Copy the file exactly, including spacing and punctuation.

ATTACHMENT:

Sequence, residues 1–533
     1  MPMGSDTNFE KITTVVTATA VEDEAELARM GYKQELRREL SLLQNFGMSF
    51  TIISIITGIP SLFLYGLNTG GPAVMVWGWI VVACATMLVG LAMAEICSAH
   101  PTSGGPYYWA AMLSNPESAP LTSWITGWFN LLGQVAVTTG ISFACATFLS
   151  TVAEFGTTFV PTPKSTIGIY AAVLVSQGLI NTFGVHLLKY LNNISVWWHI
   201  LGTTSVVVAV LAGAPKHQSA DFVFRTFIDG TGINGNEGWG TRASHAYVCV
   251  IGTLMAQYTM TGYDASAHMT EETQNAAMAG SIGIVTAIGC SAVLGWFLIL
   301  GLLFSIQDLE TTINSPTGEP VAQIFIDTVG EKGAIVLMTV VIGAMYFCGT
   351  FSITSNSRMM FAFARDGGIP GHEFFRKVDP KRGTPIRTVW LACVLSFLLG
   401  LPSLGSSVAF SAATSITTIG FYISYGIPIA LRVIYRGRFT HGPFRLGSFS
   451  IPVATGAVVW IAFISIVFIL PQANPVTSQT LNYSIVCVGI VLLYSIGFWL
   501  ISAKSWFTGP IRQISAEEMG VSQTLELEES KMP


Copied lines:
Sequence, residues 1–533
     1  MPMGSDTNFE KITTVVTATA VEDEAELARM GYKQELRREL SLLQNFGMSF
    51  TIISIITGIP SLFLYGLNTG GPAVMVWGWI VVACATMLVG LAMAEICSAH
   101  PTSGGPYYWA AMLSNPESAP LTSWITGWFN LLGQVAVTTG ISFACATFLS
   151  TVAEFGTTFV PTPKSTIGIY AAVLVSQGLI NTFGVHLLKY LNNISVWWHI
   201  LGTTSVVVAV LAGAPKHQSA DFVFRTFIDG TGINGNEGWG TRASHAYVCV
   251  IGTLMAQYTM TGYDASAHMT EETQNAAMAG SIGIVTAIGC SAVLGWFLIL
   301  GLLFSIQDLE TTINSPTGEP VAQIFIDTVG EKGAIVLMTV VIGAMYFCGT
   351  FSITSNSRMM FAFARDGGIP GHEFFRKVDP KRGTPIRTVW LACVLSFLLG
   401  LPSLGSSVAF SAATSITTIG FYISYGIPIA LRVIYRGRFT HGPFRLGSFS
   451  IPVATGAVVW IAFISIVFIL PQANPVTSQT LNYSIVCVGI VLLYSIGFWL
   501  ISAKSWFTGP IRQISAEEMG VSQTLELEES KMP